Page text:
The sweet taste of success
Ian McEwan’s new work weaves espionage and love into the decadence and decay of 1970s London and it forms a kind of personal memoir of a time he found magical, he tells ARMINTA WALLACE
IAN McEWAN ARRIVES into the bright, book-filled boardroom at publishers Random House, smiling despite the fact that it’s mid-afternoon and he has had a day of being grilled about his new novel, Sweet Tooth. He is affable and courteous. He speaks in complete, beautifully formed sentences. But he also has a way of repeating certain questions slowly, sotto voce, while raising his eyes to the well-appointed ceiling and, on occasion, adding an apparently innocent but faintly disparaging “mweh” to the mix that makes the interviewer’s heart sink to the equally well-appointed floor.
The interviewer, of course, might simply be intimidated by her own head, which is crammed with brilliant snippets from McEwan’s back catalogue. The eerie scene at the opening of Enduring Love, when the hot-air balloon floats silently across the sky. The body chopped and crammed into a suitcase in The Innocent. Almost any passage from the dazzling climate-change extravaganza, Solar. There is, however, an added problem in talking about Sweet Tooth: with his 15th slice of fiction, McEwan has written a novel about which it’s difficult to say anything at all without giving the narrative game away. He laughs.
“Well, you can just treat it as ‘Serena’s story’,” he suggests.
Let’s do that. Sweet Tooth is the story of Serena Frome (“rhymes with plume”, as the opening paragraph observes tartly). The beautiful daughter of an Anglican bishop, she is recruited by MI5 and sent off to sweet-talk a young writer called Tom Haley into accepting secret-service sponsorship as part of a delightfully hare-brained battle in the cultural cold war.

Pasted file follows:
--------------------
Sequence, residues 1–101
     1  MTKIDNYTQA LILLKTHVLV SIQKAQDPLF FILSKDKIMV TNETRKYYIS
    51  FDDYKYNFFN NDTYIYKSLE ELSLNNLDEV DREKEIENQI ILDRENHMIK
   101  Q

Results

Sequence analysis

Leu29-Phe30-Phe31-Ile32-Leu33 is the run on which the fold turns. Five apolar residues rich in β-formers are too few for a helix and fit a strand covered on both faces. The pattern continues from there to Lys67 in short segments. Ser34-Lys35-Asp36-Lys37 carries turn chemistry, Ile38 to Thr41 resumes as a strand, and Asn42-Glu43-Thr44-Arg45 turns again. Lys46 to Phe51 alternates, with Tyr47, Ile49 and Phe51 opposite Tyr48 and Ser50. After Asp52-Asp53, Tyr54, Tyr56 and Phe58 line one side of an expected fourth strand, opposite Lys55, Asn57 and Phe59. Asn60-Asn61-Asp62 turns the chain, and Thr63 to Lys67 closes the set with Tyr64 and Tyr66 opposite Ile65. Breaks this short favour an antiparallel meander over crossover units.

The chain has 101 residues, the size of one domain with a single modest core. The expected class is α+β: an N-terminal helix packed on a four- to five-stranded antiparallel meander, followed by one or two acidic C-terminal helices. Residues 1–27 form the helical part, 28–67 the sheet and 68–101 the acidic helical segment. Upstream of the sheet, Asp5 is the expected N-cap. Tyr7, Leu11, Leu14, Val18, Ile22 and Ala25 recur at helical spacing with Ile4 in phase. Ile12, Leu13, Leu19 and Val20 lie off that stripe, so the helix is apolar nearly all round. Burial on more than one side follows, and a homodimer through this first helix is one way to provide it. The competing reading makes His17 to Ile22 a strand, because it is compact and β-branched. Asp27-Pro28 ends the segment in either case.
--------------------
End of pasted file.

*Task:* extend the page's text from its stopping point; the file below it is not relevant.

McEwan’s fictions tend to be rich in cognitively interesting non-fictional stuff – evolutionary psychology in Enduring Love, the mechanics of musical composition in Amsterdam, neuroscience in Saturday – and Sweet Tooth is full of real-life spy stories such as the second World War caper, Operation Mincemeat. “It was devised and executed by a string of novelists,” McEwan explains. “The idea came from a novel that was read by Ian Fleming and was passed on to another novelist on a secret committee in Whitehall. It was executed in Spain by an Oxford don who wrote detective novels. It had all the ingenuity and forward movement of something really invented for a purpose.”
By the 1970s, however, something was rotten in the British secret services; hence the title, Sweet Tooth. The plan to secretly fund a group of academics, plus a historian and a novelist, has “a kind of pointless whiff of corruption” about it, says McEwan.
Although it is gloriously readable and, at times, wickedly funny, Sweet Tooth is not – or not just – an espionage thriller. It is also a love story; and, on top of that, “a muted, or transmuted, memoir of myself as a young writer”.
Like his fictional novelist Tom Haley, McEwan graduated from Sussex University in the 1970s. Was he ever approached by a beautiful female spy? “No,” is the blunt reply. “I don’t know whether you believe me – there’s no reason you should – but I was not employable. I would probably have been rather brusque in my refusal of the security services.”
In full-on McEwan fashion, the novel evokes the sociopolitical ambience of the decade. “The archaic word ‘strife’ was in heavy use in those rackety days, with inflation provoking strikes, pay settlements driving inflation, thick-headed, two-bottle-lunch management, bloody-minded unions with insurrectionary ambitions, weak government, energy crises and power cuts, skinheads, filthy streets, the Troubles, nukes. Decadency, decay, decline, dull inefficiency and apocalypse . . .”
Given the grottiness of the period, wasn’t the author at all reluctant to spend a couple of years back there, researching and writing a novel? He smiles fondly. “Well, I was 22 in 1970,” he says. “So my 20s were all played out in the 1970s.” He emerged from college, went travelling in Afghanistan, and published his first book of stories. In 1974, he moved to London, and fell in with the literary group that revolved around the poet and publisher Ian Hamilton at the Pillars of Hercules pub in Soho. “I met Martin Amis and the New Statesman crew; Julian Barnes, James Fenton and Christopher Hitchens. Nearly all the friendships that are important to me now were made in those times. So for me it was a magical time; but that magic was played out against a backdrop of almost perpetual crisis.